4Ps of Marketing (Marketing Mix with Examples) The 4Ps of Marketing or the Marketing Mix is one of the most basic concepts taught in Marketing. At the same time, it makes up for an extremely large part of a successful marketing plan. The fact is, the 4Ps of Marketing are really important because they, together, form the marketing strategy of your company. Let me tell you more about it.
Marketing mix - the 4Ps of marketing can never be overestimated when it comes to determining the success or failure of a marketing campaign.
In this article, I will explain to you what is marketing mix and also each of the 4Ps of marketing mix. Not just that, I will share with you four examples of how each of these elements of marketing mix makes a lot of difference in marketing.
Before that, let’s ponder over something basic. And also let me tell you what all I will be covering in this detailed article on the 4Ps of Marketing.
Let me begin by telling you, what exactly is Marketing Mix all about?
What is Marketing Mix?
Marketing Mix is ideally a brilliantly coordinated combination of Product, Price, Place and Promotion strategies.
I wrote about marketing it in detail in my blog post titled ‘But really, what is Marketing?’. In simple terms, you could say marketing is about “ putting the right product in the right place, at the right price, at the right time”.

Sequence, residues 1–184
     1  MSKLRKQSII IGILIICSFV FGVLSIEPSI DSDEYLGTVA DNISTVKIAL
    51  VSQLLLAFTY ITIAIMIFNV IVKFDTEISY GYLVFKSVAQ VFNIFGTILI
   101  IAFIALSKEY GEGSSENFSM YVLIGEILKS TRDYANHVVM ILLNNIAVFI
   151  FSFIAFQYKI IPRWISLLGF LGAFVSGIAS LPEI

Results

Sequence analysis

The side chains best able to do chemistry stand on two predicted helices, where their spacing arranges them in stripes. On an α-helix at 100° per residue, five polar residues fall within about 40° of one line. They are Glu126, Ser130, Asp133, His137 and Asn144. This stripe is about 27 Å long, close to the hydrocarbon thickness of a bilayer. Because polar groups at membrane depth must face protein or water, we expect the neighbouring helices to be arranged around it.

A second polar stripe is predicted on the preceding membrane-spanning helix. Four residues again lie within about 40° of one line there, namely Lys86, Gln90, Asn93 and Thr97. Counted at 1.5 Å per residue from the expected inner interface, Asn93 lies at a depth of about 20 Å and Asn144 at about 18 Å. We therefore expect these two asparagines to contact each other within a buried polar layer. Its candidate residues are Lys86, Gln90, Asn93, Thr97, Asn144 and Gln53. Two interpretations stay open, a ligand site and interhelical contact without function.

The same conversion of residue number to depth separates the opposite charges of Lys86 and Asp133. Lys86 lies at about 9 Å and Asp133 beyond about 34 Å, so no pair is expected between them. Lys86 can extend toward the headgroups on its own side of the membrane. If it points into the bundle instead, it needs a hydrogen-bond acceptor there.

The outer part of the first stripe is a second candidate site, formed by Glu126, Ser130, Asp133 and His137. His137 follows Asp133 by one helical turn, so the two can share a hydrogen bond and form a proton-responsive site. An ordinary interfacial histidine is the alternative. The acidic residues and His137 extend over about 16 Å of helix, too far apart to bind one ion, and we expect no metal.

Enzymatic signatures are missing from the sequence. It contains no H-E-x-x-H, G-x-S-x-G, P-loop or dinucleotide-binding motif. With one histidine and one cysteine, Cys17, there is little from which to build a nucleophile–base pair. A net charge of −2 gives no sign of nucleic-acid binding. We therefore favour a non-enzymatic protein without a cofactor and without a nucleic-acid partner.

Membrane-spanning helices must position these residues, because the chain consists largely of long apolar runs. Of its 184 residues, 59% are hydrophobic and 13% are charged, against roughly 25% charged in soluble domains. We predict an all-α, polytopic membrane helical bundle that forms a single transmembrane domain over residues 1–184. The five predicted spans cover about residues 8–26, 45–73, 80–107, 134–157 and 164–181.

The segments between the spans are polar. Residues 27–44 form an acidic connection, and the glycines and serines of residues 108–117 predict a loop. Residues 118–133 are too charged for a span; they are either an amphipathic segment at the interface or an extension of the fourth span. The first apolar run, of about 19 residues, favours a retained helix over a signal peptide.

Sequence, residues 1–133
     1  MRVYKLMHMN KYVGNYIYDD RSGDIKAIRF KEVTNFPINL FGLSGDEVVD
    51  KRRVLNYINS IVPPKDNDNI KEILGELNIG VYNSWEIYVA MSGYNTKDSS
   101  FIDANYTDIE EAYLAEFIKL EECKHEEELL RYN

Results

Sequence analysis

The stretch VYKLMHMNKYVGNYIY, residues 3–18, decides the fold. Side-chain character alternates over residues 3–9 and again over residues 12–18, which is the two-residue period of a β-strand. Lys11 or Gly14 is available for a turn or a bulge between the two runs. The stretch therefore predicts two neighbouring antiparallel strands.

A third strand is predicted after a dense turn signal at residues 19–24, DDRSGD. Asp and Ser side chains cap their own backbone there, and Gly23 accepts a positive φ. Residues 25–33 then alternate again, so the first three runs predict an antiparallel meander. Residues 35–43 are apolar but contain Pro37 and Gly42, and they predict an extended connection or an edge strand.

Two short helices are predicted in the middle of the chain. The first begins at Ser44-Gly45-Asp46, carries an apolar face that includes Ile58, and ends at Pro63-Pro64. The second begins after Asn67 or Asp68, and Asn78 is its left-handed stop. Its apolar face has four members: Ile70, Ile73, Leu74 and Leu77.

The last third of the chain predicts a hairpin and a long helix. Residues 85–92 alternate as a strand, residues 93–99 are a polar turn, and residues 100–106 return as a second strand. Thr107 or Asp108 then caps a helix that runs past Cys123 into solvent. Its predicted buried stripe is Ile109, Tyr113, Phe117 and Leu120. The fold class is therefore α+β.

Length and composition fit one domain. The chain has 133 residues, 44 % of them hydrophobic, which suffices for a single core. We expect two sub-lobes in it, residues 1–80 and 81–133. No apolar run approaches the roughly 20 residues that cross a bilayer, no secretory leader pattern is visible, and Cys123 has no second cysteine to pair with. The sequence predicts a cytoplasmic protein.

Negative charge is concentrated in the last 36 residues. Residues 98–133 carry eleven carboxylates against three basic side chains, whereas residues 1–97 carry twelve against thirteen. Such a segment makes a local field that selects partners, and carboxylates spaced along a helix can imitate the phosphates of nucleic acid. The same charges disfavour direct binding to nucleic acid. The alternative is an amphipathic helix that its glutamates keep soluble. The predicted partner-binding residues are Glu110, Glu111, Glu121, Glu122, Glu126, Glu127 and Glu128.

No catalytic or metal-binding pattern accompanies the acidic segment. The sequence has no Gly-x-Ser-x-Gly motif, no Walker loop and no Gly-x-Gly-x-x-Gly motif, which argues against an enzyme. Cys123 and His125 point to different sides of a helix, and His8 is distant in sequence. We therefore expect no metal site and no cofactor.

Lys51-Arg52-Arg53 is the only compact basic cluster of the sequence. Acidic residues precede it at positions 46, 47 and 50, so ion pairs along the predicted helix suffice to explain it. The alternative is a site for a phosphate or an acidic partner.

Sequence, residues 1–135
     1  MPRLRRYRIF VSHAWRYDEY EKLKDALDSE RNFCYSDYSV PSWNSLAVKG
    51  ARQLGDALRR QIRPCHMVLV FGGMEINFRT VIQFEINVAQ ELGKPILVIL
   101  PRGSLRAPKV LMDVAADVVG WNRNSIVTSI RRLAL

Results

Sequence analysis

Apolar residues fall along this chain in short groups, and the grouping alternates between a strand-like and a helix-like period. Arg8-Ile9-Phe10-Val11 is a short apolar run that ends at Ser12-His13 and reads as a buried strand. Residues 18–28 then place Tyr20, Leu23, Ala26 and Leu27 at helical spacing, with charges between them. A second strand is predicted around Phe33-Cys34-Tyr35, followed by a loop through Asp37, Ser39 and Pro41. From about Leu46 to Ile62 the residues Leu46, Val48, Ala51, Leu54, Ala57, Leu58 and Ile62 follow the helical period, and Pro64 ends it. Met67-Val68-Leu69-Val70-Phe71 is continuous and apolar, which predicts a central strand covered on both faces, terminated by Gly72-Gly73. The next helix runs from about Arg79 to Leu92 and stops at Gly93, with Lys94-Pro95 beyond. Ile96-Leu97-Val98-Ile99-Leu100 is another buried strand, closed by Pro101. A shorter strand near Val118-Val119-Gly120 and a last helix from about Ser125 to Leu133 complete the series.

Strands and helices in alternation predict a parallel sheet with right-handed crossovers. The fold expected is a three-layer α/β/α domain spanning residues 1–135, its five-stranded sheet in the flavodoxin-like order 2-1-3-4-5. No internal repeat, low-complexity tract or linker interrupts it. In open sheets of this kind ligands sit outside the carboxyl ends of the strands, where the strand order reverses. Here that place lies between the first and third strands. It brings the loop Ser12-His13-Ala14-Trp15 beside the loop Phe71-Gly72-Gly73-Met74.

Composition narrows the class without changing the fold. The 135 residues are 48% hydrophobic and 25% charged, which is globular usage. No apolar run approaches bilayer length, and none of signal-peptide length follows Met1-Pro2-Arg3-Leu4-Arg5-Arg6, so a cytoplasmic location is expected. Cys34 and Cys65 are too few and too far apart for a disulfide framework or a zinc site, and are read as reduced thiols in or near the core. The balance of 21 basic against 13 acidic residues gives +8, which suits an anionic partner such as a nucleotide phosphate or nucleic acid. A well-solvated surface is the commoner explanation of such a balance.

That is what it really is.
That one statement defines everything, from what is marketing to what is marketing mix to how to create and deliver an amazing marketing campaign.
Source: thefinancialbrand . com
If you’re in marketing, you have some basic ingredients that you would use to create some magic out of your marketing plan, these ingredients are called the 4Ps of Marketing or the Marketing Mix.
What is Marketing Mix? Marketing Mix is a set of elements, the 4Ps, that are the four decision-making areas in Marketing . Again, getting any of these elements wrong may destroy the rest of the factors you got right.
This is true because, the 4Ps factors are interdependent and rely on one another for an effective strategy. And if you begin to think, any marketing decision that you take essentially lies in any one of these areas.
4Ps of Marketing and all other basic marketing concepts!
Get access to the expert curated Marketing Flashbook that would give you a quick revision of all the basic concepts of Marketing that you should know for interviews , placements or just for class preparation
What is the purpose of the 4Ps of Marketing Mix?